Building the foundation
Breeze is our veteran horse being restarted after a long period of inactivity. She has spent a long time just lazing in fields with her buddies.
Unfortunately, for the last couple of years she has been battling with COPD/RAO. It got so bad that at one point she had neutrophils measured at 75%, a level that had the potential to end her life.
Thankfully, with a lot of effort we were able to bring it under control and this year she was given a one hundred percent all clear from the veterinary practice.
Our aim now is to rebuild her physical and mental fitness as a foundation for getting back into the advanced stuff she used to do.
Liberty exercises, and later, in-hand classical type dressage activities, will help us achieve our goals.
Breeze has always enjoyed liberty games and work, but she is quite demanding of your leadership and emotional fitness.
As an intelligent horse, Breeze tends to switch off quickly if she is made to endure relentless repetition or purposeless activity.
Breeze’s attitude to liberty is no exception. If you are not sensitive to her perceptions she will simply abandon what you are asking, reject your leadership, and do her own thing until you earn the right for another attempt at it.
Fighting to dominate Breeze is pointless. Not just because it is hard work, but also because the end result is lackluster and resentful.
It can be demanding but Breeze is a great teacher ensuring that you remember leadership is about inspiring the follower not dominating them.
While interacting with Breeze we have to be mindful that her early handling experiences unintentionally cultivated more drive than draw.
After her long-layoff we don’t to regenerate that in-balance and re-establish previously corrected patterns of behaviour.
With this in mind, we don’t want to do a lot of driving and ‘allowing’ back in. Instead, we do everything we can to maintain ourselves as the place of comfort and security at all times, and not something to be kept away from until we feel gracious enough to extend a controlled welcome.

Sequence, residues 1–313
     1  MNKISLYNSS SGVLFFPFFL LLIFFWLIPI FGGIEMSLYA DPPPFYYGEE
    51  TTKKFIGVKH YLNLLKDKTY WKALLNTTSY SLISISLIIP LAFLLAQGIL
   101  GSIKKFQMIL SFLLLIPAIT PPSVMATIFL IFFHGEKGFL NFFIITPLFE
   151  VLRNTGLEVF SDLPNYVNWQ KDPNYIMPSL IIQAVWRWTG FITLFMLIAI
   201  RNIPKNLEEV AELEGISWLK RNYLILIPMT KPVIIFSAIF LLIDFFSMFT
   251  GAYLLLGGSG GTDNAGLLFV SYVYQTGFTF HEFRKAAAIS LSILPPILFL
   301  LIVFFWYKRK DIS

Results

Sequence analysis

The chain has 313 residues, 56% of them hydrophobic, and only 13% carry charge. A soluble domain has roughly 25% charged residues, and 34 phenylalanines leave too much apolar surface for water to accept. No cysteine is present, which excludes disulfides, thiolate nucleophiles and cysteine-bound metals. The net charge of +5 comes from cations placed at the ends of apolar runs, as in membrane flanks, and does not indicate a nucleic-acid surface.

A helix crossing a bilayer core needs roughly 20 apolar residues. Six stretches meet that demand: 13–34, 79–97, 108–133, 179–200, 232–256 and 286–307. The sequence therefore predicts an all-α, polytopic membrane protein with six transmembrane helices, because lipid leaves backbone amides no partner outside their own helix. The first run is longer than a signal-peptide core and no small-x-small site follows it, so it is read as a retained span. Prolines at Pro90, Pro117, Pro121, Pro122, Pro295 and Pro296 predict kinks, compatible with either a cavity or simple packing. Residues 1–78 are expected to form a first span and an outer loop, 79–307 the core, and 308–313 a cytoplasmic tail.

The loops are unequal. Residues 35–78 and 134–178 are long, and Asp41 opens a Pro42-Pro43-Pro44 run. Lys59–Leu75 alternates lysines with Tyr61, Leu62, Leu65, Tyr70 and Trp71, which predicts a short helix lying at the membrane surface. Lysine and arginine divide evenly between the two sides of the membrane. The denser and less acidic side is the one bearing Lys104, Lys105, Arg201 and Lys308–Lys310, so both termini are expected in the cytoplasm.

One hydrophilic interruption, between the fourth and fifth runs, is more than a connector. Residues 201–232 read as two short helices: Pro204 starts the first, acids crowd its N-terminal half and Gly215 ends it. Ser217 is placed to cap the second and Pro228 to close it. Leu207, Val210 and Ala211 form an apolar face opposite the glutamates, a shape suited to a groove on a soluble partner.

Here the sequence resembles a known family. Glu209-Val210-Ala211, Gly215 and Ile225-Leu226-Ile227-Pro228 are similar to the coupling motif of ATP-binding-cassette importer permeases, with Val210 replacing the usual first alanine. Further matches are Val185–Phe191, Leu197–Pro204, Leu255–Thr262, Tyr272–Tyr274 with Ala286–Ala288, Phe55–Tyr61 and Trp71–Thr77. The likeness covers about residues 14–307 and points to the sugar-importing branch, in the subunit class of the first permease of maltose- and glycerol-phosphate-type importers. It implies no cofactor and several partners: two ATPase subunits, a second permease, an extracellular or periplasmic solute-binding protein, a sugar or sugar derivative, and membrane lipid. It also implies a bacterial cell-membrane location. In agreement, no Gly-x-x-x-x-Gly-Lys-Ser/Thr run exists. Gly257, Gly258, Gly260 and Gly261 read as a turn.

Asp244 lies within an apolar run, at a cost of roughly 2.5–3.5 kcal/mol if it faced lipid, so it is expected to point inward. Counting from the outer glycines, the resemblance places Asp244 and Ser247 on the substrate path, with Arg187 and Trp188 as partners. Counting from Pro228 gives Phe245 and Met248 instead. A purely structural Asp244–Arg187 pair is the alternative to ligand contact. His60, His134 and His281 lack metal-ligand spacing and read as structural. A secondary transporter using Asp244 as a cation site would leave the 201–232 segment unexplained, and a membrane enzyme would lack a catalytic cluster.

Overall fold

As a result, our first session with Breeze is very tactile and acknowledging every step towards what we want, no matter how small or seemingly insignificant.
We want to re-ignite Breeze’s interest in learning and stretching herself - and in testing, experimenting and searching for the answers to questions that we set up for her.
The session isn’t particularly pre-planned, we respond to what we see and feel, incrementally building rapport and communication.
Breeze was aware of a lot of the cues and exercises from her past history but that was double-edged.
Her long layoff from any sort of interactive stimulation made her initially unresponsive. Plus her concentration span was limited – she was quite switched off in much the same way as people can get.
This meant Breeze would be with us and then in the next moment would have to explode into letting off steam charging around the arena kicking and bucking.
But when not chased or criticised for her behaviour, she would simply bring her emotions down and come trotting back to us to pick up where we left off.
In a short space of time she was following our feel, concentrating on our intent, and enjoying playing stick with me around obstacles.
By the end of the session Breeze was enjoying the stimulation of the physical and mental agility.
It had also had an ongoing positive effect on her general mood and behaviour, awakening her interest in things again whilst also making her more cooperative and aware.
The plan will be to continue building her fitness as we introduce new activities at liberty, in-hand, and when ready, riding.